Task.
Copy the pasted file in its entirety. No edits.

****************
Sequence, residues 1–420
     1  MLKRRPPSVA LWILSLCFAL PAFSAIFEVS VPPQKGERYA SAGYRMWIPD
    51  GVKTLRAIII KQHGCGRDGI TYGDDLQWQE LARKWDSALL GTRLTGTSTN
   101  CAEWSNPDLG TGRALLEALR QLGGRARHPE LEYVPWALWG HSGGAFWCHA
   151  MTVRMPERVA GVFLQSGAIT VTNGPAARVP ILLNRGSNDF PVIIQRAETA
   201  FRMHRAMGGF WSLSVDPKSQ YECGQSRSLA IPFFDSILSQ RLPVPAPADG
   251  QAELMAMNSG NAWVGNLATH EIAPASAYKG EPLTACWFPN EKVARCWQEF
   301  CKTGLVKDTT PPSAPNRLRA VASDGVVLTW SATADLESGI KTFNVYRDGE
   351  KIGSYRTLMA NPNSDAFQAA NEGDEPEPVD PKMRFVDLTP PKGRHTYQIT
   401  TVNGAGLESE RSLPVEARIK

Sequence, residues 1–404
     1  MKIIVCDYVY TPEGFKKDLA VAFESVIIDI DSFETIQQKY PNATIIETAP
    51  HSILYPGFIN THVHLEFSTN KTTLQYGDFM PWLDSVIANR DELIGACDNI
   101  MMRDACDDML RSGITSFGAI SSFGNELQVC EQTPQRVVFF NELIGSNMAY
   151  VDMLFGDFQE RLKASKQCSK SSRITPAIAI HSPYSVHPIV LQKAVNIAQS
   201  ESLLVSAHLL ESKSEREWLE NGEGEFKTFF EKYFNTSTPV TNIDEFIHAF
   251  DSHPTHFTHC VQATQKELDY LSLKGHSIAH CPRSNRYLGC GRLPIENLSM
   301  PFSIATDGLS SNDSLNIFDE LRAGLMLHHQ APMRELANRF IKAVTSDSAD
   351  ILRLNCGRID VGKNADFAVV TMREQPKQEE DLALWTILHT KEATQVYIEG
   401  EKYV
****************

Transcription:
Sequence, residues 1–420
     1  MLKRRPPSVA LWILSLCFAL PAFSAIFEVS VPPQKGERYA SAGYRMWIPD
    51  GVKTLRAIII KQHGCGRDGI TYGDDLQWQE LARKWDSALL GTRLTGTSTN
   101  CAEWSNPDLG TGRALLEALR QLGGRARHPE LEYVPWALWG HSGGAFWCHA
   151  MTVRMPERVA GVFLQSGAIT VTNGPAARVP ILLNRGSNDF PVIIQRAETA
   201  FRMHRAMGGF WSLSVDPKSQ YECGQSRSLA IPFFDSILSQ RLPVPAPADG
   251  QAELMAMNSG NAWVGNLATH EIAPASAYKG EPLTACWFPN EKVARCWQEF
   301  CKTGLVKDTT PPSAPNRLRA VASDGVVLTW SATADLESGI KTFNVYRDGE
   351  KIGSYRTLMA NPNSDAFQAA NEGDEPEPVD PKMRFVDLTP PKGRHTYQIT
   401  TVNGAGLESE RSLPVEARIK

Sequence, residues 1–404
     1  MKIIVCDYVY TPEGFKKDLA VAFESVIIDI DSFETIQQKY PNATIIETAP
    51  HSILYPGFIN THVHLEFSTN KTTLQYGDFM PWLDSVIANR DELIGACDNI
   101  MMRDACDDML RSGITSFGAI SSFGNELQVC EQTPQRVVFF NELIGSNMAY
   151  VDMLFGDFQE RLKASKQCSK SSRITPAIAI HSPYSVHPIV LQKAVNIAQS
   201  ESLLVSAHLL ESKSEREWLE NGEGEFKTFF EKYFNTSTPV TNIDEFIHAF
   251  DSHPTHFTHC VQATQKELDY LSLKGHSIAH CPRSNRYLGC GRLPIENLSM
   301  PFSIATDGLS SNDSLNIFDE LRAGLMLHHQ APMRELANRF IKAVTSDSAD
   351  ILRLNCGRID VGKNADFAVV TMREQPKQEE DLALWTILHT KEATQVYIEG
   401  EKYV